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March 1, 2018 | Chart Predicts Every Market Crash in History

Mike 'Mish' Shedlock

Mike Shedlock / Mish is a registered investment advisor representative for SitkaPacific Capital Management. Sitka Pacific is an asset management firm whose goal is strong performance and low volatility, regardless of market direction.
The Fed blows bubbles. Then it eventually pops them. Where are we in the cycle?

I recreated the chart in Fred and added trendlines. But let’s tune in to Bill Bonner.

“Buy the dip” has worked for the last 38 years. And now, investors are more than 100% convinced that it will work again. But they are wrong. Every major stock market decline and every recession in the last 100 years was preceded by the Federal Reserve raising short-term interest rates by enough to provide the pin to prick the balloon.

Note the emphasis on every. Yes, there have been periods where the Fed raised rates and a recession didn’t ensue. Everyone knows the famous saying about the stock market having predicted nine of the past five recessions! That may be true, that rising rates don’t necessarily cause a recession. But as an investor, you must be aware that every major stock market decline occurred on the heels of a tightening phase by the Fed. More importantly, there have been no substantive Fed tightening phases that did not end with a stock market decline.*

This is an economy built on debt. The whole capital structure – stocks, bonds, and real estate – now depends on excess debt… and more of it.

In a correction, the only way to stop stock prices from falling and the economy from shrinking is to bring in some more debt. But when you do that a few times, you are soon beyond Peak Debt… which is to say, you’re way over the legal limit.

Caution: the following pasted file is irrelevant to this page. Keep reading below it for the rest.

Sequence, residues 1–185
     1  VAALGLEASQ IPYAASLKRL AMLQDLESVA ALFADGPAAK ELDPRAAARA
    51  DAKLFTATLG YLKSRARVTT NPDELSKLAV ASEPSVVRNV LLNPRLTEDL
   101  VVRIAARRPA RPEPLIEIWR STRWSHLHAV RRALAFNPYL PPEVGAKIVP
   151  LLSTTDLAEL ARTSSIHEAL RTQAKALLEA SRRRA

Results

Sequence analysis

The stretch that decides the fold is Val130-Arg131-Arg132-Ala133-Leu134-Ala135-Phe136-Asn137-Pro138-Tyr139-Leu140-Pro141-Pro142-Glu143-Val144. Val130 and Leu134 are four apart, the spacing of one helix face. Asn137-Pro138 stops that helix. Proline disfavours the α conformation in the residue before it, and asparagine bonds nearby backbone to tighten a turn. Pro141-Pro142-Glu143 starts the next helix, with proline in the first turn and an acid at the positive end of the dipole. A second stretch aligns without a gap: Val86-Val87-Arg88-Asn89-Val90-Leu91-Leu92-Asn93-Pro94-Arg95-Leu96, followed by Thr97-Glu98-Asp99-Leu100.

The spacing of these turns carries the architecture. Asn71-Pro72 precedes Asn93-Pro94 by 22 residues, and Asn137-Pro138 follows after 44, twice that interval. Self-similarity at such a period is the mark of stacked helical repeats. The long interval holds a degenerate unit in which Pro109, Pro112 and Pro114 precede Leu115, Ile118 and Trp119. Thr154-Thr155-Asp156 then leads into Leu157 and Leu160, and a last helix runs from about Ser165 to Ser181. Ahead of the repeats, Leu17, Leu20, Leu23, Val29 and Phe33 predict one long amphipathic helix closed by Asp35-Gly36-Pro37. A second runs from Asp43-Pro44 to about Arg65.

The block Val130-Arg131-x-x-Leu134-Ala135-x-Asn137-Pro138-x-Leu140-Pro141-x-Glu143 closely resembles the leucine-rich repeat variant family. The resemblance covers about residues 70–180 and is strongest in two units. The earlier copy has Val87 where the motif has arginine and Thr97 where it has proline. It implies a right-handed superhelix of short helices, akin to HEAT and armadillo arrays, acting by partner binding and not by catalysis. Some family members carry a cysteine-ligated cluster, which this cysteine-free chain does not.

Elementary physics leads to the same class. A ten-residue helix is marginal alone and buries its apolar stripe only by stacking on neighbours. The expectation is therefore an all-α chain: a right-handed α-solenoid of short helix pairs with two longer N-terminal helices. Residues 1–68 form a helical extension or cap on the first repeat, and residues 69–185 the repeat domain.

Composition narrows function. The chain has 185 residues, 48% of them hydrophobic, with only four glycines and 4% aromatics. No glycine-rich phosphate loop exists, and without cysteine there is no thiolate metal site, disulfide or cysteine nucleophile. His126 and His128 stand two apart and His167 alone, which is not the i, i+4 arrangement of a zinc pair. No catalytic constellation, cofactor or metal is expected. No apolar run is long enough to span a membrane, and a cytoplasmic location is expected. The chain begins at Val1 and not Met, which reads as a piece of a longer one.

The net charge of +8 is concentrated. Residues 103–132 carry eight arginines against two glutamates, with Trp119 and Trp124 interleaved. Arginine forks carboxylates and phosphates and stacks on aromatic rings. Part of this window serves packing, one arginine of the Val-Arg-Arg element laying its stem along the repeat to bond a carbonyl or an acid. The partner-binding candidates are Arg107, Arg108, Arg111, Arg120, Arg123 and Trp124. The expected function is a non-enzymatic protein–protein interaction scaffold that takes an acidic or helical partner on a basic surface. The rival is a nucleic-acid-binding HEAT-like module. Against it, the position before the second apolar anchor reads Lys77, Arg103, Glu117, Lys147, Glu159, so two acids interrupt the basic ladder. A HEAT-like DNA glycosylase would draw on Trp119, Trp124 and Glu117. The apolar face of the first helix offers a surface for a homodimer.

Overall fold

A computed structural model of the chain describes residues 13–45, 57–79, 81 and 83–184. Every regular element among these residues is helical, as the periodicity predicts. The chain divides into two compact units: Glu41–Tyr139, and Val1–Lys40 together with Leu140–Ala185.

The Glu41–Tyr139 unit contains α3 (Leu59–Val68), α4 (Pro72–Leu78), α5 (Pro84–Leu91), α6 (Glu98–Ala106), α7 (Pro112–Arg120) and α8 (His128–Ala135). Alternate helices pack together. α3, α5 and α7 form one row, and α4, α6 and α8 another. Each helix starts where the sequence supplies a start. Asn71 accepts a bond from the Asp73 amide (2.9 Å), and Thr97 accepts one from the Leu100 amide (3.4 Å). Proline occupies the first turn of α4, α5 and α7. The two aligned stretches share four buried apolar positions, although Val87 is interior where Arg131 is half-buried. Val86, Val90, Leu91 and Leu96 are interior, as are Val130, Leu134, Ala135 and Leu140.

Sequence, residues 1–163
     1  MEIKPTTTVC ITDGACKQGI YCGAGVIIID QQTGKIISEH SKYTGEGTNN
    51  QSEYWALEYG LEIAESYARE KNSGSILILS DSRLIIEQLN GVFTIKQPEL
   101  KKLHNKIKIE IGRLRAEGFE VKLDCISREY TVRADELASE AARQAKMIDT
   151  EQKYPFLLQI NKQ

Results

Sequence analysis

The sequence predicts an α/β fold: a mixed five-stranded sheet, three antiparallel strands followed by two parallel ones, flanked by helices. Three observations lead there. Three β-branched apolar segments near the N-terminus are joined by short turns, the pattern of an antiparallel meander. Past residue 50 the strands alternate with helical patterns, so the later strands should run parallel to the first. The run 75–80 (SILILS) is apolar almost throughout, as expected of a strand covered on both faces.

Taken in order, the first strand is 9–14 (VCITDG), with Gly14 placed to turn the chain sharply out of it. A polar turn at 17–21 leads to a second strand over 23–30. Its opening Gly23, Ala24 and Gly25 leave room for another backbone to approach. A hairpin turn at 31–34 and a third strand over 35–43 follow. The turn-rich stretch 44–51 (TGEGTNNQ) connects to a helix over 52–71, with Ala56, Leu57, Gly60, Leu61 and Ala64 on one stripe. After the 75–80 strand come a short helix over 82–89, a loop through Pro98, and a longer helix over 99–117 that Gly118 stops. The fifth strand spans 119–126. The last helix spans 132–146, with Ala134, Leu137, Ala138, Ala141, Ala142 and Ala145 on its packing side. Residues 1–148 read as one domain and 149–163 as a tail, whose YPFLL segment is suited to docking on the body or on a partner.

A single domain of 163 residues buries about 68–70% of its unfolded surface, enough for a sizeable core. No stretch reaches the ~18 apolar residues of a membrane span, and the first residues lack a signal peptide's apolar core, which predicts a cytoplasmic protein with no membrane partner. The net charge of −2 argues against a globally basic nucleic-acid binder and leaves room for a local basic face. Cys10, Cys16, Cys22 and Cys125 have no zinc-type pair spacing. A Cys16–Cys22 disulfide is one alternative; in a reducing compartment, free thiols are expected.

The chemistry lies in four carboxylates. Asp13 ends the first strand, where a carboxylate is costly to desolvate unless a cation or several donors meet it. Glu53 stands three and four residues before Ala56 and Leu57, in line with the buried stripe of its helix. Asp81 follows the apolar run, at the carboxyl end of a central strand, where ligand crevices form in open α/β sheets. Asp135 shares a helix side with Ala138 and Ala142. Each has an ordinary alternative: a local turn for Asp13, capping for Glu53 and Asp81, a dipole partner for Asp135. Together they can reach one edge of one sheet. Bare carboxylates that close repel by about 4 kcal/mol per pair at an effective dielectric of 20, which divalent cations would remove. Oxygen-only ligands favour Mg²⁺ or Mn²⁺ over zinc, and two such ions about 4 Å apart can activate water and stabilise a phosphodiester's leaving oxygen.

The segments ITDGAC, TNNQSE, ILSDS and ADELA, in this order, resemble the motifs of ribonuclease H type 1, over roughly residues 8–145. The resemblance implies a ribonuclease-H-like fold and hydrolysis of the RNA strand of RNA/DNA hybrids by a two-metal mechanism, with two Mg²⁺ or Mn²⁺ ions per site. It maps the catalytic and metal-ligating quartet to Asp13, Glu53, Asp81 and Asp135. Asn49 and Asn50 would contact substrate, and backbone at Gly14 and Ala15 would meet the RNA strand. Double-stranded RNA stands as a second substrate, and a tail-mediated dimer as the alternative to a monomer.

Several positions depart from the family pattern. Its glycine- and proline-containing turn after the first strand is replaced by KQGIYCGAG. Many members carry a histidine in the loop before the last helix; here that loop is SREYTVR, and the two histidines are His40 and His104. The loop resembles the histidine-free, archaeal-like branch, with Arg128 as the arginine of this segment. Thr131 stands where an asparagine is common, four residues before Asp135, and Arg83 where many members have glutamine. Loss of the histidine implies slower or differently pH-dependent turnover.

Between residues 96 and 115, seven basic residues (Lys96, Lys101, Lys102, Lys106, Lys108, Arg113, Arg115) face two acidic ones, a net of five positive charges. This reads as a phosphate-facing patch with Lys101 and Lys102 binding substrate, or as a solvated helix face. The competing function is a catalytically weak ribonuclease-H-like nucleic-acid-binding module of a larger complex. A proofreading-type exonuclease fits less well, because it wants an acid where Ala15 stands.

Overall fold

Debt has been growing three to six times faster than income for more than an entire generation. This makes the old 1.5-to-1 ratio of debt to income seem quaint. It is now 3.5-to-1 nationwide.

Every penny in debt that we add now is a penny that cannot be repaid, not by any plausible combination of economic projections.

Because there is no way to “grow your way out of debt” when your income is falling while your debt is still increasing. Instead, you have to suffer the indignities of a correction, including a major reset in the stock market.

That’s what happens when stocks that are more than fully priced meet a debt load that is beyond 100% of capacity.

Bill Bonner

Word About Predictions

The chart shown does not “predict” anything, at least in a meaningful sense. It does show what eventually happens.

In regards to “rising rates don’t necessarily cause a recession” I would add that rising rates “never” cause recessions.

Recessions are caused by the inept policies the preceded the recessions.

Three rounds of Fed QE, even bigger QE by the ECB, suspension of mark-to-market rules, and massive global stimulus elsewhere sowed the seeds of the next recession.

The recession on deck will be a deflationary bust, not an inflationary one as we saw in the ’80s. Credit busts are deflationary by definition.

As I stated earlier today, Inflation is in the Rear-View Mirror.

Addendum

I originally posted a chart of the Prime Bank Lending Rate, not the Fed Funds Rate. They tell the same story.

Mike “Mish” Shedlock

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March 1st, 2018

Posted In: Mish Talk

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